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Nobel Prize in Physics Awarded to 3 Scientists for Work on Black Holes

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The Nobel Prize in Physics was awarded jointly to Roger Penrose, Reinhard Genzel and Andrea Ghez on Tuesday for their discoveries that have bettered understanding of the universe, including work on black holes.

Dr. Penrose was awarded half the prize “for the discovery that black hole formation is a robust prediction of the general theory of relativity,” the committee said.

The second half was split between Dr. Genzel and Dr. Ghez “for the discovery of a supermassive compact object at the center of our galaxy,” the committee said.

The Nobel Assembly announced the prize at the Royal Swedish Academy of Sciences in Stockholm.

Dr. Penrose, a Briton who is a professor at the University of Oxford, England, used “ingenious mathematical methods,” the academy said, to prove that black holes were a direct consequence of Albert Einstein’s general theory of relativity, even though Einstein himself did not believe that they existed.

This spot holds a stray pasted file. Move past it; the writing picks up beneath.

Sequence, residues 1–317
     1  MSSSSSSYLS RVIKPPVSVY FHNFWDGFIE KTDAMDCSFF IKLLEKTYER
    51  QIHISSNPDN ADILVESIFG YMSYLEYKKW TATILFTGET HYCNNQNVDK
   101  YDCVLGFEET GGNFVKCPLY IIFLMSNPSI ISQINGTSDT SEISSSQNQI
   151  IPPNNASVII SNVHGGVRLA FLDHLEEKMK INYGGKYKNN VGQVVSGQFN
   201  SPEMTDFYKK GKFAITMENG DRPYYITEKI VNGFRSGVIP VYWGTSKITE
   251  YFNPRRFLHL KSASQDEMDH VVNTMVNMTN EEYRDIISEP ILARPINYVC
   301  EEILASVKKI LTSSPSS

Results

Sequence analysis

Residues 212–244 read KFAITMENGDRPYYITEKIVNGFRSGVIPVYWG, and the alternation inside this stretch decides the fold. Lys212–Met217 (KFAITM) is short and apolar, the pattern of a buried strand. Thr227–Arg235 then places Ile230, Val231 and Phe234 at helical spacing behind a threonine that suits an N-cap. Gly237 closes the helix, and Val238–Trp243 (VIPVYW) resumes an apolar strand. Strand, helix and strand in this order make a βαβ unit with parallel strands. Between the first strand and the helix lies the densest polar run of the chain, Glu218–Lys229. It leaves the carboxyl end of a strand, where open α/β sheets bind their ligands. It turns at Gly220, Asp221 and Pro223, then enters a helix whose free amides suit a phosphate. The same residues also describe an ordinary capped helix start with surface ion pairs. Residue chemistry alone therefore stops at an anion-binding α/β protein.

Dr. Genzel, who was born in Germany, and Dr. Ghez, who was born in New York, lead a group of astronomers that focused on a region called Sagittarius A* at the center of our galaxy. By using the world’s largest telescopes, the academy said, the scientists had developed methods to see through the huge clouds of interstellar gas and dust to the center of the Milky Way.

Dr. Genzel works at the Max Planck Institute for Extraterrestrial Physics in Garching, Germany, and at the University of California, Berkeley. Dr. Ghez is a professor at the University of California, Los Angeles.

Harvey J. Alter, Michael Houghton and Charles M. Rice on Monday received the prize for their discovery of the hepatitis C virus. The Nobel committee said the three scientists had “made possible blood tests and new medicines that have saved millions of lives.”

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